The turn of the 21st century marked a significant shift in the economic trajectory of China, a foreign nation that has sought global economic expansion and has since used Africa as the biggest area for investing. African scholars view the Chinese economic control on African states as a method of exploitation and manipulation of the economic system of the different nations for sociopolitical gain as well as growing its economic capital. Chinese monopolistic foreign policies are comparable to those of European empires in the 19th and 20th centuries. In the simplest form, foreign nations acquire the resources in Africa and use them for their own monetary gain. Instead of keeping up a true symbiotic relationship with African states which they initially presented their involvement in Africa would result in, Chinese intervention in various issues of the states (which they have indirectly caused or have a direct influence in) often occurs when their own interests are at stake. Examples of this occurrence are when their stake in oil is at risk in Sudan or the detestable attacks on Chinese nationalists in Mali occur.
Chinese corporations over the decades have become one of the biggest investors in the African economy. The Chinese Communist Party’s intervention on the continent, through its growing manufacturing, construction, and trade industries, is seen as having implemented neo-colonialist policies. There are projects such as the OBOR project which plan to place maritime routes for Chinese exports all along the coast of Africa. China started in sub Saharan Africa created the Forum on China-Africa Cooperation which laid the foundation of manipulative policies by “broaden[ing] trade, increasing African imports and finally promoting the balance and fast development of China-Africa trade”. The FOCAC immediately began educational programs, significant debt forgiveness and pathways for political cooperation for facilitating pathways for business networking and trade. China funded the US$200 million African Union Headquarters in Ethiopia, and infrastructure projects in 50 of the 54 African states such as highways, subway, and railroad systems. Through its natural resource in exchange for investments in African development, Chinese corporations have been able to control the economies of impoverished nations. Only Chinese constructions firms and workers have been used in these projects, displacing many Africans from jobs.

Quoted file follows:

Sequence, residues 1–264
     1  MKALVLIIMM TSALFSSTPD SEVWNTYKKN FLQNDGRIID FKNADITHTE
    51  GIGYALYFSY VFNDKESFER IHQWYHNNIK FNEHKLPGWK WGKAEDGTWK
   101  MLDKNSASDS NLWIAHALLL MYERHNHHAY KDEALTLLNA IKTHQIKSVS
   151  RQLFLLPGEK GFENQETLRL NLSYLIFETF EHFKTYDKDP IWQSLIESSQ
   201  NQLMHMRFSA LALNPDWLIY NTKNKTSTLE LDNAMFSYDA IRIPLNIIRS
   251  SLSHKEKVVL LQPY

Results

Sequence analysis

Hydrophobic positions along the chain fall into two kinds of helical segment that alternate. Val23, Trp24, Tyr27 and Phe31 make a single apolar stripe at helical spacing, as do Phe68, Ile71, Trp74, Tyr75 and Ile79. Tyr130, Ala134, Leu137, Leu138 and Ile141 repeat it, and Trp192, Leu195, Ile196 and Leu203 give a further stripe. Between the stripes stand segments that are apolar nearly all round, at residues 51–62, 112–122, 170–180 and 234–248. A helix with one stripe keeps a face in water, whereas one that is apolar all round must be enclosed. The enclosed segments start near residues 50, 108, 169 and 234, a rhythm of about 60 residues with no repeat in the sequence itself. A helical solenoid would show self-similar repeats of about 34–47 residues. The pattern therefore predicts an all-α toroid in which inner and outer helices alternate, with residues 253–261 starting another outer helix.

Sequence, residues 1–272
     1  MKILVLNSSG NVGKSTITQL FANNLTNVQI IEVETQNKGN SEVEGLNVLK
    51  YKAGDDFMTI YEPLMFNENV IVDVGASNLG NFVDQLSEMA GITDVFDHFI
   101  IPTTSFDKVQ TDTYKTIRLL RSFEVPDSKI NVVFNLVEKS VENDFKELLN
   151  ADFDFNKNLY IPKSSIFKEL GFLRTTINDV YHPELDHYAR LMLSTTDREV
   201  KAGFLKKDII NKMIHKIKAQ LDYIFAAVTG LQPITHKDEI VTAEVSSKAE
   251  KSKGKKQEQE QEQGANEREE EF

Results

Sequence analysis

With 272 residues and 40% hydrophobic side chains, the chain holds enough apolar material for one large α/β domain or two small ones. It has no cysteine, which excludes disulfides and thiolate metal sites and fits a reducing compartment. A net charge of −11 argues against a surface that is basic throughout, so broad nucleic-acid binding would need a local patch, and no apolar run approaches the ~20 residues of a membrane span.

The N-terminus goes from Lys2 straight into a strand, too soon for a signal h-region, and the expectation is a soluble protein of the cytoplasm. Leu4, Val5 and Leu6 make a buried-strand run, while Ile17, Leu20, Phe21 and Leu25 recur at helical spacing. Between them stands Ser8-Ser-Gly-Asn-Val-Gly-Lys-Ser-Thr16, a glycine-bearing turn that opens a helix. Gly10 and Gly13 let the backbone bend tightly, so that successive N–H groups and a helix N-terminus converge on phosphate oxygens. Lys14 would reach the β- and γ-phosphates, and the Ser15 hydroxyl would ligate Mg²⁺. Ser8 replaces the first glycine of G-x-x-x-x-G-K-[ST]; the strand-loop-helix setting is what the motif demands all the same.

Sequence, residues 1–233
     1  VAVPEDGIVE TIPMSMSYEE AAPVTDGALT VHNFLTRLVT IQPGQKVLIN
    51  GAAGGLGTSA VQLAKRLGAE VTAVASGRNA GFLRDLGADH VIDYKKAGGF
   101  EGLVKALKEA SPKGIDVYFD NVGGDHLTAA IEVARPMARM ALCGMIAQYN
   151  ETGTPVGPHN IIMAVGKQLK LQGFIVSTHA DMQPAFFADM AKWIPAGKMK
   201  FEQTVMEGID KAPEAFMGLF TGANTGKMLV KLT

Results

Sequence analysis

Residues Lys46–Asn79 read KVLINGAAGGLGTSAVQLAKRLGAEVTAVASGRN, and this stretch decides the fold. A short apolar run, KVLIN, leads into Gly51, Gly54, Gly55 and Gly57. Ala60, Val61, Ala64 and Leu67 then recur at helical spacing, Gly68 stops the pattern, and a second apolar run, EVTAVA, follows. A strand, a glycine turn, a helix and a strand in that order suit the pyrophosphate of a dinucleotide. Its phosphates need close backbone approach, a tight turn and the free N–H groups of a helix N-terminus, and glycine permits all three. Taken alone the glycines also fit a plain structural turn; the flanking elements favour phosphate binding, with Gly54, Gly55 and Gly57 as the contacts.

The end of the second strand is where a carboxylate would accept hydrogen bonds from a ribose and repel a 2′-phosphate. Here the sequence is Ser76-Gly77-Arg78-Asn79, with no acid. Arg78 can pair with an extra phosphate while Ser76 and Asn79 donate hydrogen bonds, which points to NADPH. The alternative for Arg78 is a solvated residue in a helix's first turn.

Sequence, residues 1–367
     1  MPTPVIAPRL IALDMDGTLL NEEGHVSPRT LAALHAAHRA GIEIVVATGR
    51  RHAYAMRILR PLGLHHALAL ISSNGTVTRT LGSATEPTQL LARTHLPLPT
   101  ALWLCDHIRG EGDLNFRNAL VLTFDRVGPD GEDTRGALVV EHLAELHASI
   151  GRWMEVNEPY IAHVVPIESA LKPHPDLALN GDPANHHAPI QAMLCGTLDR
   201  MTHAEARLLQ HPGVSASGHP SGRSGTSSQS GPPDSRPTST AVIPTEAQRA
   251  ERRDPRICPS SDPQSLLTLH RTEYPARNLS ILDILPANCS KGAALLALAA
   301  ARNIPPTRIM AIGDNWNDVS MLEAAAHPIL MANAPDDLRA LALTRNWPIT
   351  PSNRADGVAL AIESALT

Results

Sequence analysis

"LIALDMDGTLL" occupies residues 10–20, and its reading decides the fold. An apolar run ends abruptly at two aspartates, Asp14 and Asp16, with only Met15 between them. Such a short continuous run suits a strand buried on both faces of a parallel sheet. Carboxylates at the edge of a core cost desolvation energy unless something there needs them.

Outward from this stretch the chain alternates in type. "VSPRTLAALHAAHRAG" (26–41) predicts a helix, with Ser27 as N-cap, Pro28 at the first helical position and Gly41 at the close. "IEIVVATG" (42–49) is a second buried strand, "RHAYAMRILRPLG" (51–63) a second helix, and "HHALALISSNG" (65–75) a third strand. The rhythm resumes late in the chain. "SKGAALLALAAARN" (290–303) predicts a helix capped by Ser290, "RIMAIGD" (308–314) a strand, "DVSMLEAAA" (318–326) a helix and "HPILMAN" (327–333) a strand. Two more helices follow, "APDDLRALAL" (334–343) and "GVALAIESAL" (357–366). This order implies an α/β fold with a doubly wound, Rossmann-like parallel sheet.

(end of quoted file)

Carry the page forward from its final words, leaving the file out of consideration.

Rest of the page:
The predatory loans plunging African states further into debt create the space for the Chinese create political favors in exchange for debt forgiveness. These political favors involve having the nations agree with China in United Nations decisions, offering jobs to Chinese nationalist instead of local Africans, the immediate release of Chinese nationalists known to have done illegal mining operations and child labor, and to end diplomatic relations that go against Chinese interests. Angola, Sudan, Nigeria, Democratic Republic of the Congo, and Ghana, and many other nations owe China billions of dollars in natural resources. Some of the nations have suffered through civil wars. Angolan imports of goods into China have increased over the years and now China controls over 30% of the Angolan economy.
The Next Steps
While foreign intervention pushing the development of African states is not inherently a bad thing, exploitation for monetary or political gain is not right. Aid in a nation’s infrastructure is a good thing at face value but not when multinational corporations are effectively draining Africa’s resources and negatively contribute to the debt crises. To stop the continued manipulation of Africa, the other foreign world powers need to take a stance and create a robust anti-imperialist strategy in conjunction with the African Union. The policies created would need to hold leaders of Africa accountable for their corruption. to start supplying Africa with non-predatory loans, with non-exploitative debt forgiveness policies.
More global exposure to the manipulative and predatory practices needs to occur to bring more awareness to the issues plaguing the continent. This dilemma is so expansive and multifaceted that a certain level of altruism is needed by foreign entities for the appropriate intervention to occur. One of the best ways that you can help is by reaching out to your nations’ ambassador or United Nations representative to advocate for the creation of a robust strategy to deter aggressive foreign corporate policies and the corruption of its officials.